The History of Jack Jingle

Who does not know old Gaffer Jingle? Or what is yet more, who has not heard of his son Jack?

(See here he is.)

Illustration for The History of Jack Jingle

Gaffer Jingle worked for Sir Luke Loveall. Jack was one time called by his father to carry a fine fish he had caught, as a testimony of his gratitude to Sir Luke.

Jack accordingly received his orders, and having put his fish in a basket, set out for Sir Luke’s. The servant who received it gave him three halfpence, and, what is still better, a nice plumcake, (for you must know he loved Jack, because he was a good boy and learnt his book.) Jack returned thanks to the servant, and having secured his cake, he went out of the court-yard, and was just got to the gate, when who should be there but Sir Luke himself, taking a walk under a row of trees that grew on one side of his house.

Illustration for The History of Jack Jingle

“Well,” says the Knight, “how is your father?” Jack replied, “Very well and thank your worship,” (for you must know he was a Justice of the Peace.) He then repeated his message to Sir Luke, who desired he would thank his father, and giving him a shilling, then went in to breakfast.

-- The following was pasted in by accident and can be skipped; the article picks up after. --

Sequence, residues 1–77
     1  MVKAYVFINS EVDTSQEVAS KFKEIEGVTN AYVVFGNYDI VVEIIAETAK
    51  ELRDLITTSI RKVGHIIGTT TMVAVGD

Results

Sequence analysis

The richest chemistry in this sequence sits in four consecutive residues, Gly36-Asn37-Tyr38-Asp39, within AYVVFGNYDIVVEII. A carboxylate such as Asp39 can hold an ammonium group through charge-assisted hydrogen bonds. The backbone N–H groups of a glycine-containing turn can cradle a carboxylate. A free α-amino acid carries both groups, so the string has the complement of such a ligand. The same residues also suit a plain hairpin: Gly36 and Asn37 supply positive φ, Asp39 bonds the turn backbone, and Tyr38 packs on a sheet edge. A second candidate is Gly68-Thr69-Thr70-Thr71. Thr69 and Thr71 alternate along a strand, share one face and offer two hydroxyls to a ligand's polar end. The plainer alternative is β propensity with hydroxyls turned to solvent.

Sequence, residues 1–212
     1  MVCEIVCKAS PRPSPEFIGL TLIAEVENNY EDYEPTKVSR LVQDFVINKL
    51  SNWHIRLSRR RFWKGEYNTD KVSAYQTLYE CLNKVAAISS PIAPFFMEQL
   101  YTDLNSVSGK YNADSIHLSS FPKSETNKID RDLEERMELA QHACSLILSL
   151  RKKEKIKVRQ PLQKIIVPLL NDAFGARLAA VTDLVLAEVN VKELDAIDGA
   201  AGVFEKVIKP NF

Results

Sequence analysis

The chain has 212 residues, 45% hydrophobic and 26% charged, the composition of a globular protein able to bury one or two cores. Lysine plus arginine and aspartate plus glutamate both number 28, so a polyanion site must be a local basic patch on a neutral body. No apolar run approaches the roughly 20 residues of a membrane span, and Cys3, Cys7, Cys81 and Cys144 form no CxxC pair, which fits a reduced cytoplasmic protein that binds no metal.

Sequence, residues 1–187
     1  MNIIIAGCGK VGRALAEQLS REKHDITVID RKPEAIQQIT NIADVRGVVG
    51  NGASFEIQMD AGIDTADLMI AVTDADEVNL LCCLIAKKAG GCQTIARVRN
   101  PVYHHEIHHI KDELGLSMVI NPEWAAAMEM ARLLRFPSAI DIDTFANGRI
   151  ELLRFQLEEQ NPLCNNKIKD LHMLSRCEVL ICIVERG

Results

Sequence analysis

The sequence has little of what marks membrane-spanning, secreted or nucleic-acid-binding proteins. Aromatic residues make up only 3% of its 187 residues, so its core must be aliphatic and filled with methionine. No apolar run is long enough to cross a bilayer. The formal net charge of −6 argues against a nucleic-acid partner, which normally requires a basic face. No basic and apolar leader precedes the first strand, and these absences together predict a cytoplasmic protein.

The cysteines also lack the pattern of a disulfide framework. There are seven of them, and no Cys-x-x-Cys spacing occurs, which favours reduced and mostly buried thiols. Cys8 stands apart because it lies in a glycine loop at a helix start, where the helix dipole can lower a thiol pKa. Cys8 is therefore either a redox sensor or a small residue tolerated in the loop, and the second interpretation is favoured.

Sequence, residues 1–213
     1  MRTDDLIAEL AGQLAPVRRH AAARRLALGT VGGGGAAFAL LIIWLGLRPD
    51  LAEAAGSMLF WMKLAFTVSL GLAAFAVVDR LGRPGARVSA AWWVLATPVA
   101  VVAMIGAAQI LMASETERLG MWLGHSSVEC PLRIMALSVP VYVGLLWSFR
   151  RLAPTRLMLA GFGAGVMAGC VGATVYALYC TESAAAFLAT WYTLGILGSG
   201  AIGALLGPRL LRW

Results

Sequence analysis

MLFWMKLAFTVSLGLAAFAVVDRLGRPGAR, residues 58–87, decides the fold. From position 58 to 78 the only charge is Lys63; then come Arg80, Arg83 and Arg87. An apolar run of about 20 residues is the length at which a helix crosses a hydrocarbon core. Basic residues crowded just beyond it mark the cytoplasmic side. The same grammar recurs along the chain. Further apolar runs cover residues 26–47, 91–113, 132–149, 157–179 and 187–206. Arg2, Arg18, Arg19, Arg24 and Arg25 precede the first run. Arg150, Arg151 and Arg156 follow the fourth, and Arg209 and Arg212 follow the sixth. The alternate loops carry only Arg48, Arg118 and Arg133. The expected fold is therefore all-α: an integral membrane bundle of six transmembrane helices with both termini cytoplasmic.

Jack, who had never seen so much money before in his life, was quite overjoyed at the sight, and ran away crying as loud as he could, “A Shilling! a penny! a halfpenny! and a plumcake! Huzza!” till he came to his father’s cottage.

The neighbours came out to see what was the matter, and the children after them. Jack sat himself down on the settle at the door, and calling the children about him, divided the cake among them, for he could part with any thing.

Next day, Jack’s father laid out this money in the purchase of some fowls: and Jack so well improved his little stock, that in a short time he sold his fowls and bought a lamb, which he called Liddy, and a pretty creature it was.

Now, you must know, one day Jack was sent to Sir Luke’s on an errand—I need not tell you that Liddy the lamb went with him.

The Knight asked him how he came by it, and he told him, which made Sir Luke laugh heartily to see his shilling so well improved.

Jack was now almost every day at the Knight’s, who, seeing him a good boy, sent him to school, where he behaved so well as to gain the love of both his master and school-fellows. Sir Luke also gave him a fine coach and a good estate, and so well did he manage it, that in a short time he built a house, which to this day is called The House that Jack built.

Folk tales

EuropeEngland

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